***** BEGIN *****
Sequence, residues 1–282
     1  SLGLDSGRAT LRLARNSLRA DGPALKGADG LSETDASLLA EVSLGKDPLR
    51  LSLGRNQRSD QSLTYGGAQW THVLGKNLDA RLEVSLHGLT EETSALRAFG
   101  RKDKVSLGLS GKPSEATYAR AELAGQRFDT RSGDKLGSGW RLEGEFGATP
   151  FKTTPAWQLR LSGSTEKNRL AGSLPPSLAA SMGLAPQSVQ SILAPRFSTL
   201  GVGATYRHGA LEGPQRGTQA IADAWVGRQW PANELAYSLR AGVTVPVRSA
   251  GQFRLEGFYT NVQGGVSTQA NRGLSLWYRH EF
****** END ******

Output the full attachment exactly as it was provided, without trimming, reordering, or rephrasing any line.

Sequence, residues 1–282
     1  SLGLDSGRAT LRLARNSLRA DGPALKGADG LSETDASLLA EVSLGKDPLR
    51  LSLGRNQRSD QSLTYGGAQW THVLGKNLDA RLEVSLHGLT EETSALRAFG
   101  RKDKVSLGLS GKPSEATYAR AELAGQRFDT RSGDKLGSGW RLEGEFGATP
   151  FKTTPAWQLR LSGSTEKNRL AGSLPPSLAA SMGLAPQSVQ SILAPRFSTL
   201  GVGATYRHGA LEGPQRGTQA IADAWVGRQW PANELAYSLR AGVTVPVRSA
   251  GQFRLEGFYT NVQGGVSTQA NRGLSLWYRH EF